"The problem is not only the disruption and loss of learning time but the fact that schools have responsibility for the safety and wellbeing of pupils, and it is a serious concern if pupils are off site and unsupervised.
"We appeal to all involved in the protests not to repeat the exercise, particularly as many students will soon be taking exams which are crucial to their life chances."
Downing Street said that while it was important for young people to engage with issues such as climate change, the disruption to planned lesson time was damaging for pupils.
"Everybody wants young people to be engaged in the issues that affect them most so that we can build a brighter future for all of us," a No 10 spokeswoman said.
"But it is important to emphasise that disruption increases teachers’ workloads and wastes lesson time that teachers have carefully prepared for.
"That time is crucial for young people, precisely so that they can develop into the top scientists, engineers and advocates we need to help tackle this problem."
But the demonstrators gained the support of Scotland’s First Minister Nicola Sturgeon, who described their actions as a "cause for optimism in an often dark world".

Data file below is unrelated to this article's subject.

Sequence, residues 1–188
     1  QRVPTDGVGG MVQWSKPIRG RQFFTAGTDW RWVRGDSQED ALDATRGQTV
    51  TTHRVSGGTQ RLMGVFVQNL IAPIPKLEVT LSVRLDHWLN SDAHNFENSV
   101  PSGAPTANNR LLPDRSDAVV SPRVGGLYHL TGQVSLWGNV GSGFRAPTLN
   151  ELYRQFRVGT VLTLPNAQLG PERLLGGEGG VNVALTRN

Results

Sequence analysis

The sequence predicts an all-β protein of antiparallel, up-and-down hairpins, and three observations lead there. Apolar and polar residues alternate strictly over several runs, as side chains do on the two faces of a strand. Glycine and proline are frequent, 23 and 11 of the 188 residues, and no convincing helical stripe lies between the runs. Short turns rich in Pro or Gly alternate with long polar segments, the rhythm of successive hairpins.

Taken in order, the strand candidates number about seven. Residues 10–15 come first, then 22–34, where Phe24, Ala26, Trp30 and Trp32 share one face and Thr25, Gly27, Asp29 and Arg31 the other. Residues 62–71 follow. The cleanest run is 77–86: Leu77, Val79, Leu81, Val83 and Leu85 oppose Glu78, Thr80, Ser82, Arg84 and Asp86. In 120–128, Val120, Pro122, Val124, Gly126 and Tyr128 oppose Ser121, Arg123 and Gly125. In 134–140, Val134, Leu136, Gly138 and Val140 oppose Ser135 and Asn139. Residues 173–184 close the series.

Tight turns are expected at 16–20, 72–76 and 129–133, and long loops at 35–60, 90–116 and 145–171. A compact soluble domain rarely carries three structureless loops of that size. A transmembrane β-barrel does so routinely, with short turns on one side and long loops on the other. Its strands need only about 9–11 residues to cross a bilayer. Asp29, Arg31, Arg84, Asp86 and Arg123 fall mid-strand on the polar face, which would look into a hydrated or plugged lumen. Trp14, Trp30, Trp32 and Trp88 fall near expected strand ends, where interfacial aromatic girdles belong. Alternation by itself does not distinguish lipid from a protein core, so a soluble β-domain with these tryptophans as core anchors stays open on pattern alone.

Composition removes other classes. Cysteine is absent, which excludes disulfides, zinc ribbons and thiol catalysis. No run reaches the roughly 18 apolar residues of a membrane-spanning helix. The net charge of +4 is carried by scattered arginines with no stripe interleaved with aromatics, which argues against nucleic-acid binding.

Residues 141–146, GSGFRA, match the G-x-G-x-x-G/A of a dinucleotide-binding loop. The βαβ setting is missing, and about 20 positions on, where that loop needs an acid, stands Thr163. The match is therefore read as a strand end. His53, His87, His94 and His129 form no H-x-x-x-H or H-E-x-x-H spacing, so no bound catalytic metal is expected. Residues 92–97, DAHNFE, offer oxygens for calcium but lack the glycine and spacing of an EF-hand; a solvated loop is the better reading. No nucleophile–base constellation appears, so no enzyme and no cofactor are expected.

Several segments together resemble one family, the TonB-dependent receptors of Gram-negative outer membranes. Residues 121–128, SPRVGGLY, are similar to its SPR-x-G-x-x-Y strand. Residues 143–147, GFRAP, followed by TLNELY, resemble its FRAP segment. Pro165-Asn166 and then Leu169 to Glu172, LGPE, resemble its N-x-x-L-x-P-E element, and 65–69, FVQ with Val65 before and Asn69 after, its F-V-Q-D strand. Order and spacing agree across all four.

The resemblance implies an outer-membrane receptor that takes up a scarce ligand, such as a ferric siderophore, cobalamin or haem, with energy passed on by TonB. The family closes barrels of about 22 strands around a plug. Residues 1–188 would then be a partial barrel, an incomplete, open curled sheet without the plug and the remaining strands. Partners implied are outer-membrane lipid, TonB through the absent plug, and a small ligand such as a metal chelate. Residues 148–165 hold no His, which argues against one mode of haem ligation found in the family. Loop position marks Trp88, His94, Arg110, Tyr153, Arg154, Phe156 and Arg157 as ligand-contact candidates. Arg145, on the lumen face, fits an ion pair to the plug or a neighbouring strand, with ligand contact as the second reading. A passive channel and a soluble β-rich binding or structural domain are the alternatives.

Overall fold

The movement has already seen school strikes in Australia and European countries including Belgium, and was inspired by teenager Greta Thunberg, who protests every Friday outside Sweden’s parliament to urge leaders to tackle climate change.
It comes in the wake of a UN report which warned that limiting global temperature rises to 1.5C above pre-industrial levels, beyond which climate impacts become increasingly severe, requires unprecedented action.
That includes cutting global carbon dioxide emissions by almost half within 12 years.
Students in the UK are demanding the Government declare a climate emergency and take active steps to tackle the problem, communicate the severity of the ecological crisis to the public and reform the curriculum to make it an educational priority.
Anna Taylor, of UK Student Climate Network, said: "We’re running out of time for meaningful change, and that’s why we’re seeing young people around the world rising up to hold their governments to account on their dismal climate records.
"Unless we take positive action, the future’s looking bleak for those of us that have grown up in an era defined by climate change."